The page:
Since I have experienced my fallen mental capacity I have struggled with the desire to find hope in something, even the religion I rejected. This desire brought me to tears, trying to shoehorn my mind into the structure of Christian fundamentalism, albeit the more sentimental and loving kind I knew towards the end. Despite this desire for peace and hope, I found something curious and wholly ironic: I no longer feared it was right, and had no inkling of faith that anything could be gained from prayer. Even with the unanswered questions about my existence which plagued my mind when I trudged through them relentlessly, without rest.
It wasn't just the fact that I had looked at things like prayer studies or that from past rational intellectual pursuits I had rendered answered prayers little more than statistically insignificant certainties; it wasn't just my year or so of complete and utter rebellious rejection of the faith I despised. This all was by the wayside of my mind of course, but I had realized I no longer had the capability of faith in such things. My methodologically constructed thought patterns, though inaccessible and unintelligible at this point, had been embedded enough to the point that they now were de facto perceptual truths.
That even though I had tirelessly and relentlessly battered away at each and every doubt, or paranoid event in my attempt in breaking free of my mental agony, I had in fact already been fully integrated into a fully naturalistic mindset. In short, I realized that now when I would think belief would be easy, given that I feared it being true so much before, it was not there. Oh how tragic an irony, that my agonizing only ended after my mind had been so incapacitated by abuse, and that the peace I had fought for through constant mental strife came after I had let go. I know this kind of peace from when my mental well-being was more in my grasp, before I aspired to break through my problems through sheer mental ingenuity, when I could let go of the fears in non-judgmental indifference.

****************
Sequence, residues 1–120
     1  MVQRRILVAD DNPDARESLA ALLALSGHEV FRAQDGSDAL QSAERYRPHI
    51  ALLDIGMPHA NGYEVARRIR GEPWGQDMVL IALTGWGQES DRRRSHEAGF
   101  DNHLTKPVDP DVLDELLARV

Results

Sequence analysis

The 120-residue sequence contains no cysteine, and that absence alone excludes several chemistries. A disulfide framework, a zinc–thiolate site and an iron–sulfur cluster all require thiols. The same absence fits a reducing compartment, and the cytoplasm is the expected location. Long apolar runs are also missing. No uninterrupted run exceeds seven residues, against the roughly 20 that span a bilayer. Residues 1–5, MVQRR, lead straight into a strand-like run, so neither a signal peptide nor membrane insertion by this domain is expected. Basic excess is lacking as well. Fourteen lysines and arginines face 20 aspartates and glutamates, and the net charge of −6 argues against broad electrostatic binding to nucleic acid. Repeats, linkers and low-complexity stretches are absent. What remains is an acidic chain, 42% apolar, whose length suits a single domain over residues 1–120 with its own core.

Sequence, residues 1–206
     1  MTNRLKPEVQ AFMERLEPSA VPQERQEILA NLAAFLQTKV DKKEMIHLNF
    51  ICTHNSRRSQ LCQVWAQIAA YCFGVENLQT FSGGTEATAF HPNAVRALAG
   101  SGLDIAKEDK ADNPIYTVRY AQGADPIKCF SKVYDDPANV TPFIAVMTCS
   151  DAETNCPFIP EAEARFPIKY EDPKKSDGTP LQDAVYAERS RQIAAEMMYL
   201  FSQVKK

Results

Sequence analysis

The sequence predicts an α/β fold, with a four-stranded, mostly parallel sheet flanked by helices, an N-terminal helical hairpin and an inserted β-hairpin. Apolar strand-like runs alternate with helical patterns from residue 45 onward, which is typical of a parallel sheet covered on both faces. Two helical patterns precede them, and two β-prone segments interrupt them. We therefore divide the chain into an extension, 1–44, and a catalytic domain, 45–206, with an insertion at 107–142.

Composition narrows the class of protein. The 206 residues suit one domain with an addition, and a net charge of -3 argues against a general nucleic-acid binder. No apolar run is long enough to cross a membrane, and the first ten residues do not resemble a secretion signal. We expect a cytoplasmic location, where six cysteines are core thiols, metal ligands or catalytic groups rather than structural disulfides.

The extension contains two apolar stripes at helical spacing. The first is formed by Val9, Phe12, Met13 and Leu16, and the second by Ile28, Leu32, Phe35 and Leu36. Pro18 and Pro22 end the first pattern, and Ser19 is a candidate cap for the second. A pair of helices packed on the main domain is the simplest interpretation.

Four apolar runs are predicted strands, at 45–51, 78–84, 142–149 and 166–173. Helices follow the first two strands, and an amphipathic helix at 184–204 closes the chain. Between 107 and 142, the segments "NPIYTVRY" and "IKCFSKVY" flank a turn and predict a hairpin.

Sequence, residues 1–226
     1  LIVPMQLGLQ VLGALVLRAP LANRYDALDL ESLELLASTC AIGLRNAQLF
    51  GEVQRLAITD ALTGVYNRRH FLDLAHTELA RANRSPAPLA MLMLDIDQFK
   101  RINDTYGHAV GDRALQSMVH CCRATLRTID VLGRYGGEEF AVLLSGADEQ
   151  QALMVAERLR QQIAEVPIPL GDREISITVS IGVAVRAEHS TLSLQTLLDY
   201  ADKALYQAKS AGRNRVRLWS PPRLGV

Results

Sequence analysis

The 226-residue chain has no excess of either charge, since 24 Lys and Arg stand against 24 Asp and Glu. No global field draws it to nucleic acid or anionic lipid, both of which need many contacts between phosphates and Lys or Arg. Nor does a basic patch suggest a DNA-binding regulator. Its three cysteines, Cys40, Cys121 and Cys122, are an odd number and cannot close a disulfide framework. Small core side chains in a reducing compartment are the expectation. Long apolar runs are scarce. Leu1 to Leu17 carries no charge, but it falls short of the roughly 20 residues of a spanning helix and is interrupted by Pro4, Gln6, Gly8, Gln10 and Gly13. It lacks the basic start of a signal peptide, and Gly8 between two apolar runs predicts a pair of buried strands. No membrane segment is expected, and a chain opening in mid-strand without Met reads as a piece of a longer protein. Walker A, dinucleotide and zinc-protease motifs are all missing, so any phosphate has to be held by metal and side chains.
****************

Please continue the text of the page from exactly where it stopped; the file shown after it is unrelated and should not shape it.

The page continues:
Oh the irony. When I stopped and finally felt no other option than to succumb to my religious mental background, without the fear of being dragged down unwillingly, I could not believe even if I wanted to. When I had finally given up my struggle, there was nothing to fall back into.
Moreover, even thinking that Christianity might be true, in my infantile desire to find some modicum of dignity or hope given how well emaciated my mental powers and short-term memory were, I could not stomach nor embrace the morality of Christianity. It was no longer a matter of rebellion against a perceived injustice or tyrant, I just did not see them that brand of morality as being feasible. No fear, no rebellious fighting for autonomy, only perception of how fundamentally immoral Christian morality really was to me, even if only at a gut level. Even with my logical mind so hobbled, I still could not come to believe that God was what Christianity said it should be.
I could not have fear evolution being wrong; there was no fear there. I merely found it more logical in many aspects. Of course the issue of human intelligence and dominance still were still a salient issue for me, it was not enough to make me think that we weren't related to our ape cousins.
So here I am. Without hope, without even some delusion of faith to keep me feeling like I still had hope for a happy life given how unproductive I was in my everyday life. No, I could not feel the love the Jesus even putting aside all of the problems about Christianity; the belief was just simply gone. I can't learn new things, I struggle to remember facts I learned in school, I am a husk of the person I'd need to be to feel satisfied with life and here I am: unable to find any comfort or ability to believe despite it being only last option. Not being able to reject homosexuality (not wanting to, nor intellectually being able to do so), not believing misogynistic tendencies to be acceptable, nor probable, aspects of any god. I am left with my prior conclusions (about an atheistic universe), "wanting" because of sheer hopelessness and the defunct nature of my brain to believe in something I couldn't.